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The paper Empirically Testing Predictions of an Attrition on Warfare Model for the War in Ukraine, by Peter Turchin, recently showed up during one of my regular searches for software engineering data. A quick scan of the paper founded that it is very empirical, and that the analysis coding was done in R; I could not resist checking out the source code.

One of my first jobs was helping academics fix coding issues with the programs they had written to solve scientific/engineering problems, and this R code reminded me of several habits of scientists who code: the single letter variables used in equations are directly mapped to identifier names, and there is no structure to the code. The code is so short (86 lines) that the lack of structure is a minor inconvenience; a few thousand lines, and it becomes a major headache. The code for Imperial’s COVID model was ten times larger.

Two mistakes in the code/paper jumped out at me, leading to this post. First, some background.

The empirical predictions in the paper are intended to provide insight into who is likely to win the ongoing Ukraine/Russia war. Fighting requires soldiers and these are killed/wounded over time. The country that does not have enough soldiers to at least keep the opposition at bay, looses.

Turchin has proposed what he calls the Attrition War model, based on Lanchester’s laws (various attempts to validate Lanchester’s models, lots of maths to shake a stick at), and the paper solves this model’s set of eight differential equations (each country has the same set of four equations; the connection between the two sets is that one country’s casualty rate and Army size is influenced by the opposing country’s stock of war matériel). The four quantities modelled are casualties, army size, stock of warfare matériel, and production capacity.

Getting predictions out of differential equations requires being able to find a solution to the equations and feeding in numeric values for the various parameters.

Solving the equations is a maths problem, i.e., no knowledge of military matters required. Selecting the equations to solve and the numeric values to feed into the solution is what requires military knowledge. I don’t know anything about military matters; the following analysis is purely related to writing code to solve a set of differential equations, using the equations plus numeric values in Turchin’s November 2023 paper.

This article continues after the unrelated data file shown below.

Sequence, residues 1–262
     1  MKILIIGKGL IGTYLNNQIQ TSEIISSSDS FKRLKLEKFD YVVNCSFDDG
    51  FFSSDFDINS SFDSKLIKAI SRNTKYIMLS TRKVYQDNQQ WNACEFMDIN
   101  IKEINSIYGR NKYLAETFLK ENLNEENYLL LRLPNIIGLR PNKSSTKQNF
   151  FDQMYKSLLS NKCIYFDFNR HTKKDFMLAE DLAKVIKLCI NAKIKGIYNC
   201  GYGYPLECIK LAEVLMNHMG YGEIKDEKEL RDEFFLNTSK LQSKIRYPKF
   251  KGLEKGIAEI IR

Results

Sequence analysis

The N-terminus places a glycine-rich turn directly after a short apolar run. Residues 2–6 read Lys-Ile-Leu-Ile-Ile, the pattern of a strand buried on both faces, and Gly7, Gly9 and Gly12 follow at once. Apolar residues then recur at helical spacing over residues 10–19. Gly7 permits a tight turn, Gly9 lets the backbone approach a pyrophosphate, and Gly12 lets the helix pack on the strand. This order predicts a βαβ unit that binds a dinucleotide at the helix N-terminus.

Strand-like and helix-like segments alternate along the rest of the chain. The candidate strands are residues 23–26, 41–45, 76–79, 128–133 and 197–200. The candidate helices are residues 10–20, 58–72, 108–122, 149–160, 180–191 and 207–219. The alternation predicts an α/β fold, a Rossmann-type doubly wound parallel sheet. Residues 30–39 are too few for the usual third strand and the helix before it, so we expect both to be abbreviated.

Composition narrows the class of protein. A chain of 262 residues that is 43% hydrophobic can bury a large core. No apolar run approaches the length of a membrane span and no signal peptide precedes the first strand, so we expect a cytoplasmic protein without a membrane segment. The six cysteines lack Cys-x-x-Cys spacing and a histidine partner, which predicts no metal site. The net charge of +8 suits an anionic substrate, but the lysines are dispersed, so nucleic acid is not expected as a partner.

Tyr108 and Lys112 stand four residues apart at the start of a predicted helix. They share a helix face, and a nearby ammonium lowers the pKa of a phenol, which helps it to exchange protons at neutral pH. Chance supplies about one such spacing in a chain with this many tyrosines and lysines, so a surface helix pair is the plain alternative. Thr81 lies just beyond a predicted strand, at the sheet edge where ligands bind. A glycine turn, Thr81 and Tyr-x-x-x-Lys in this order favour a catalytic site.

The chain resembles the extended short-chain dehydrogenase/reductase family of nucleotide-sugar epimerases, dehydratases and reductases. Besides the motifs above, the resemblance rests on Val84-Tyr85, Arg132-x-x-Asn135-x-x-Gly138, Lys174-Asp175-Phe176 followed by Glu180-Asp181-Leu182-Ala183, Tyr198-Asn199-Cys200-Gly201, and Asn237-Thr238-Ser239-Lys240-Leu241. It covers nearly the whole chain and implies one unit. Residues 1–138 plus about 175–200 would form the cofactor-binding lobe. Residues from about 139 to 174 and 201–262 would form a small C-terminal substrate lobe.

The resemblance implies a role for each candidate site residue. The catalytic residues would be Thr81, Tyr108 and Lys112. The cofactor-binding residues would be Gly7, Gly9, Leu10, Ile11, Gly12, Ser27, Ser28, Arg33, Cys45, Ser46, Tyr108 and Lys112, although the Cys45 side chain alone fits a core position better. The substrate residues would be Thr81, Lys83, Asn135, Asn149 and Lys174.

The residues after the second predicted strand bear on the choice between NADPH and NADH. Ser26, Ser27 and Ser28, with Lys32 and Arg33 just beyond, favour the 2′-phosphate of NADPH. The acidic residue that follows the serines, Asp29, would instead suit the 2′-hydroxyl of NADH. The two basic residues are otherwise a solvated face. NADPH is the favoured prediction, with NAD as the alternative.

For obvious reasons, countries involved in the war do not publish information on the quantities modelled by these equations (which are also likely to be time-dependent). Turchin addresses the changeable nature of the numeric values by introducing various random components into his Attrition model.

From the perspective of solving the eight equations and presenting the results, the following are the two mistakes that jumped out at me (both involving the implementation of the random component):

• When a model contains a random component, there will be a huge/infinite number of possible solutions. The takeaway plots in the paper show a single solution (for each of the four variables/two countries), with the width of the plotted lines and their fluctuating appearance suggesting that they contain multiple solutions. The plot below left shows the solution for artillery shell production over time, as it appears in the paper, while the plot below right shows 100 solutions (each line is a different solution; code):

The wedge of lines shows the range of possible solutions (each line drawn overwrites anything previously drawn, and plotting with transparent colors would show the density of solution at a given point; I decided to keep the code simple).

• All the random components are assumed to have a Gaussian distribution. When distribution information is not available, this is usually a safe choice. However, two of the random components must always have non-negative values (i.e., casualties and matériel used can never be negative). The Poisson distribution is the obvious candidate, and a simple search turned up an empirical paper agreeing with this choice (at least for casualties).

The plot below left shows one solution for the number of casualties over time, using the original code, while the plot below right shows 100 solutions using a Poisson distribution for the random component (code):

With a Poisson random component, the solutions don’t meander as much, and the variance is smaller than when a Gaussian is used. Technically, it is a more accurate model (if more variance is to be expected a Negative Binomial distribution could be used; see commented out code)

The latest (November) UK government estimate of Russian casualties is 300K, roughly three times larger than predicted by Turchin’s model. Changing the value for the ‘conversion rate of expended matériel to casualties’ from to brings the casualty prediction inline with current estimates (we have been hearing a lot about the accuracy of the Ukrainian targetting; see code for details).

I have also reworked the code to add some structure, e.g., separating out solving the equations and setting the initial conditions.

Turchin used the traditional approach to solving differential equations, the one we are taught at school. Before seeing the code, I was half expecting to see a System dynamics approach. The advantage of a systems dynamic approach is flexibility (i.e., easier to add more components) and visualization (i.e., a chart showing what feeds into/out of what); an example. There is an R-based book: System Dynamics Modelling with R.